Via Virginia NORML:
Today, the Virginia State Crime Commission has agreed to undertake an official study of decriminalizing marijuana possession for adults. This is a landmark first step toward marijuana-related criminal justice reform in Virginia, which is currently lags far behind the national trend on marijuana policy. The Commission’s
Senate Majority Leader “Tommy” Norment, in a bold move of leadership, highlighted the need to study the potential of address adult personal use through civil fines, much like traffic tickets, in a request to the Virginia State Crime Commission. This is a significant change from the Commonwealth’s current policy of charging adults in possession of small amounts of marijuana with a class 1 misdemeanor, resulting in jail time, costly fines, driver’s license suspension, and a variety of long-lasting collateral consequences including loss of public housing assistance, federal school loans, and even parental rights.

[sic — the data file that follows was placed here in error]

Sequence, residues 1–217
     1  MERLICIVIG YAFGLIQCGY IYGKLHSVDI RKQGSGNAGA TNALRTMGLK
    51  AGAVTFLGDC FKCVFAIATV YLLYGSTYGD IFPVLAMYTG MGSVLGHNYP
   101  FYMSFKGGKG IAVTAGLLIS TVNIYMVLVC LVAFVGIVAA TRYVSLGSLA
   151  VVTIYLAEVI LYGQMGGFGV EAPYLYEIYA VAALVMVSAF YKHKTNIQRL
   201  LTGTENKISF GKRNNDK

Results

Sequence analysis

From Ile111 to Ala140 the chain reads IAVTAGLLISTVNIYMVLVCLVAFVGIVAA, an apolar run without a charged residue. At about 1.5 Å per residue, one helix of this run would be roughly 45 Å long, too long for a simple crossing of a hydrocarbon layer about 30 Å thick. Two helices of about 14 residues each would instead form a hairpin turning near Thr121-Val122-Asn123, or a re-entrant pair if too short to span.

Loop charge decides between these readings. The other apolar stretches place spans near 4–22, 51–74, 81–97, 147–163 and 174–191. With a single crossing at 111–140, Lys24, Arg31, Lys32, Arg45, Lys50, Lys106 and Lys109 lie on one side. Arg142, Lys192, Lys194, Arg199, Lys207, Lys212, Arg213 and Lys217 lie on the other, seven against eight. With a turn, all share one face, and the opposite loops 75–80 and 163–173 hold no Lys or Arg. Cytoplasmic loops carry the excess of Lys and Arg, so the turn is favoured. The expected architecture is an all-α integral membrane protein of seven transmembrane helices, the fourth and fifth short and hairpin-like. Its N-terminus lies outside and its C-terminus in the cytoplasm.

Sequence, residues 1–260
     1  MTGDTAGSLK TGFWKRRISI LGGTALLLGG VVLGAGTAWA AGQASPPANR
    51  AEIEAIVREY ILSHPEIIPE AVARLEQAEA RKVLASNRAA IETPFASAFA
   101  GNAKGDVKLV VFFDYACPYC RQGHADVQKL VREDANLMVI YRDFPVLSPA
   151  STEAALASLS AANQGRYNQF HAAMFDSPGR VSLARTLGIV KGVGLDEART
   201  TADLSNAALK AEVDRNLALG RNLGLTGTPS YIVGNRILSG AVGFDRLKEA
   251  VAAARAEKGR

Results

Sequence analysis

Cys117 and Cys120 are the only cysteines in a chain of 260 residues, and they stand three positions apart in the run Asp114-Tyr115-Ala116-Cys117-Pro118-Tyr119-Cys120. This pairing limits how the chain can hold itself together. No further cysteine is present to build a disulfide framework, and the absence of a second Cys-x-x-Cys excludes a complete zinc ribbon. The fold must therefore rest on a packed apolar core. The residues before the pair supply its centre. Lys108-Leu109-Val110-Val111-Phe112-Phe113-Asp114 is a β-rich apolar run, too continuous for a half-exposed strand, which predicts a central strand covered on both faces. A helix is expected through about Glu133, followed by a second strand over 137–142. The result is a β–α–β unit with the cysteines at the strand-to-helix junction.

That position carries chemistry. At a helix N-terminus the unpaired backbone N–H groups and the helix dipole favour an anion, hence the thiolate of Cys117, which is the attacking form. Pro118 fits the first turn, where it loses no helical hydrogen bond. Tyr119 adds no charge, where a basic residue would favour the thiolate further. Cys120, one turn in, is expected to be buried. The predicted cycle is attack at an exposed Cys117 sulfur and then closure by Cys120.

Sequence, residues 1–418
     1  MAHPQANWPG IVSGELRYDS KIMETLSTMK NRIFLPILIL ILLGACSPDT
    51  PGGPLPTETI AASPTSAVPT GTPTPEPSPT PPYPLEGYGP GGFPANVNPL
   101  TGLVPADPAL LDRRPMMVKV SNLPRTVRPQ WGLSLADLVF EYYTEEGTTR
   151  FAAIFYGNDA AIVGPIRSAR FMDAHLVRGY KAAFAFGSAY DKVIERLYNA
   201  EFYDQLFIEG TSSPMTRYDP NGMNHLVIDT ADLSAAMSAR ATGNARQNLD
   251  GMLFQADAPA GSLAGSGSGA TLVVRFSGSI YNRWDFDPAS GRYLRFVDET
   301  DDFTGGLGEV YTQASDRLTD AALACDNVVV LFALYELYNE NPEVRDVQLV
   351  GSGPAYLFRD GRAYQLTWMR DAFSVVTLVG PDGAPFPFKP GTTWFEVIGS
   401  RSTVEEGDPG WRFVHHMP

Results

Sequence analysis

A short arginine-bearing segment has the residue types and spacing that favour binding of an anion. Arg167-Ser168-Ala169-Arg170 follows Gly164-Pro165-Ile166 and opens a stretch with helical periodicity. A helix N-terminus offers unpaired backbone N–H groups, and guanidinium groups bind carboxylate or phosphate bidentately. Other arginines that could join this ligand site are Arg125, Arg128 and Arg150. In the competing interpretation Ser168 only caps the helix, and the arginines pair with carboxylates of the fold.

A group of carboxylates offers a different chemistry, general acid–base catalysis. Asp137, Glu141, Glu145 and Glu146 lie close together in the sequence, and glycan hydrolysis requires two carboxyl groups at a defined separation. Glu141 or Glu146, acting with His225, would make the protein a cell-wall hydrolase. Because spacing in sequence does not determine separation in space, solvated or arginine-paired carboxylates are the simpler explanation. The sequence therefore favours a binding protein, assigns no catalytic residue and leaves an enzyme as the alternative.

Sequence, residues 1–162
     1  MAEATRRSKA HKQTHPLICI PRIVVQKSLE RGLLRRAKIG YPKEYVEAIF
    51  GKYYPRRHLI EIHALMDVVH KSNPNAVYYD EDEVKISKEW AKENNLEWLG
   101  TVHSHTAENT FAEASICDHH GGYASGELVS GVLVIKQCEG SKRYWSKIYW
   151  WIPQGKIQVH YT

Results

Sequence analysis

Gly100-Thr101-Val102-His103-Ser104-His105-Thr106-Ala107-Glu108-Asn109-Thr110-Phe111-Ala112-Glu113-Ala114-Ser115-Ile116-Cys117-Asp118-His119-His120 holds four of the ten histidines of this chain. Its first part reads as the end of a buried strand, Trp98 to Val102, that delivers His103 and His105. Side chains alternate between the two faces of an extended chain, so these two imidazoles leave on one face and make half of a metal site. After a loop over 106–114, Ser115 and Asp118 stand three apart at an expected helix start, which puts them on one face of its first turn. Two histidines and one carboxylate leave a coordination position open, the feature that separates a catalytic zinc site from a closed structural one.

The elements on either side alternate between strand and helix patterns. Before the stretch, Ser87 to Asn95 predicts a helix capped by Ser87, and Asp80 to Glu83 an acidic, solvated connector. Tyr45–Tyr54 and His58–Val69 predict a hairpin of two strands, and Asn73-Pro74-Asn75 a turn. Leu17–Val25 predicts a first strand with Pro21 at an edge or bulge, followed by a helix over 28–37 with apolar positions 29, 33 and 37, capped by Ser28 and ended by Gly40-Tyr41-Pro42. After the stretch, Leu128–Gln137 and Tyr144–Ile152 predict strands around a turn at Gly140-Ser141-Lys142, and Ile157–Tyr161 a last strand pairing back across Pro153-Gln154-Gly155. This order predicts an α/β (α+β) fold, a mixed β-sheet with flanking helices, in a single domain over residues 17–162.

Now, the commission must honestly and openly examine the data from similarly-situated states to see the benefits and implications of marijuana decriminalization. This is an essential step at reforming Virginia’s egregiously punitive system of marijuana prohibition, clinging to one of the harshest marijuana policies in the United States. Virginia lawmakers will now be able to introduce decriminalization bills in the General Assembly supported with the facts and conclusions of the decriminalization study.
For more background on this story, here is reporting from The Richmond Times-Dispatch’s Patrick Wilson, who broke this story via Twitter today: Lawmakers to decide today whether Virginia should study marijuana decriminalization
For more of Virginia NORML, click here.